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China's Richest Man Says Tencent's Profit Jumped 35%, But Sees Difficulties Ahead

Yeung Pui Gwen
China's Richest Man Says Tencent's Profit Jumped 35%, But Sees Difficulties AheadPony Ma. Image source: YouTube

Chinese tech behemoth Tencent said on Wednesday that its gaming business had bounced back from a regulatory clampdown to post another quarter of strong earnings, but cautioned that the company is facing a challenging environment for the remainder of the year.

The Shenzhen-based company reported that its net profit rose 35% to 24.1 billion yuan ($3.4 billion) in the second quarter, while its revenue rose 21% from a year earlier to 88.8 billion yuan.

“Overall, we were quite happy with the recovery in smartphone game revenue,” said James Mitchell, Tencent Holdings chief strategy officer said during a call with analysts.

Tencent’s revenue from smartphone games shot up 26% to 22.2 billion yuan in the quarter through June, marking the fastest growth since early last year. The Hong Kong-listed company was hit hard by a regulatory freeze that delayed approvals for new games for nine months. Tencent released 10 games in the second quarter.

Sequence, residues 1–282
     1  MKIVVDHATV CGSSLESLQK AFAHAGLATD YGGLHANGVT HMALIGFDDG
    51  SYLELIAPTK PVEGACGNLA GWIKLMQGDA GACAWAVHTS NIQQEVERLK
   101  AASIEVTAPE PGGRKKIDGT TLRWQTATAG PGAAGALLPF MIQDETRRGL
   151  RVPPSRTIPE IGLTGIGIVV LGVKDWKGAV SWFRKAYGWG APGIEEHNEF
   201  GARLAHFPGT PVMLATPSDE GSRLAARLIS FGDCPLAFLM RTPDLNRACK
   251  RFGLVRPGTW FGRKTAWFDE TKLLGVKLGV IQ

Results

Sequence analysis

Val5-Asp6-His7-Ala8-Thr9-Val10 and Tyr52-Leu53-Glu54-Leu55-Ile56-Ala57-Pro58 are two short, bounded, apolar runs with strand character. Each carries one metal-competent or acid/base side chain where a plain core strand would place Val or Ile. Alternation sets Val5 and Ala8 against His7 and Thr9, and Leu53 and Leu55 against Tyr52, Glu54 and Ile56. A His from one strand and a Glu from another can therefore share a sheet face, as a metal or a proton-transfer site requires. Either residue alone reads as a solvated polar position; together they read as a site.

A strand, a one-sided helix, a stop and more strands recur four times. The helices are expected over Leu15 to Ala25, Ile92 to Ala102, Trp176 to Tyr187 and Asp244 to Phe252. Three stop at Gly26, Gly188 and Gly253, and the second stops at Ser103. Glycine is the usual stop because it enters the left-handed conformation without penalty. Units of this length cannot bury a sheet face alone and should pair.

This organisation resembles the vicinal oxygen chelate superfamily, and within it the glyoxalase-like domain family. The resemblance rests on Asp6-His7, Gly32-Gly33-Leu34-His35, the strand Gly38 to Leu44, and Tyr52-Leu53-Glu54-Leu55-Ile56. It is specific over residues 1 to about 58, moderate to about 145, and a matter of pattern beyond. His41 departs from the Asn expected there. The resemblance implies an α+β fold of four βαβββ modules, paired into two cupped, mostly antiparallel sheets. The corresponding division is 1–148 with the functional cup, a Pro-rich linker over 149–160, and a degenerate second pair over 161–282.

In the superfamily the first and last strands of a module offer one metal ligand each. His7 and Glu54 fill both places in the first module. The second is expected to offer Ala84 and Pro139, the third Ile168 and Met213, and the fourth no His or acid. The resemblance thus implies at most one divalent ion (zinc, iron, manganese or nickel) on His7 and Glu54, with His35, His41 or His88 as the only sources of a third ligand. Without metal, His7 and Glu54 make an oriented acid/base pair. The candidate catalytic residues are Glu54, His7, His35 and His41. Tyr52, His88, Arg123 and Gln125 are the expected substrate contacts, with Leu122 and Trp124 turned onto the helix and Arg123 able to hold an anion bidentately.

Tournament game Peacekeeper Elite has already attracted more than 50 million daily active users since its launch in May, and is expected to boost revenue further next quarter.

Tencent’s advertising revenue growth slowed to 16% compared to 39% in the same period last year. The company’s ad business is slowing as the wider economy slows.

“Our assumption is that the macro environment will remain difficult for the rest of the year and that the situation of the heavy supply of advertising inventory will continue for the rest of the year and potentially into next year,” Mitchell said.

Tencent faces increasing competition from competition from rivals like ByteDance and its short-video apps TikTok and Douyin that pose a threat to the popularity of Tencent’s social networking app WeChat.  

Tencent has been restructuring its operations in order to develop new revenue sources as its existing its businesses come under pressure from the country’s slowing economic growth. The company highlighted the fact that it had become more active in some of the frontier opportunities such as enterprise software, financial technology, education technology and health-related technology.

The tech giant was cofounded by Pony Ma Huateng in 1998. Currently ranked China’s richest person on  Forbes Real-Time Billionaires List, Ma’s net worth is estimated at $37.3 billion. Tencent President Martin Lau has a fortune valued at $1.8 billion.

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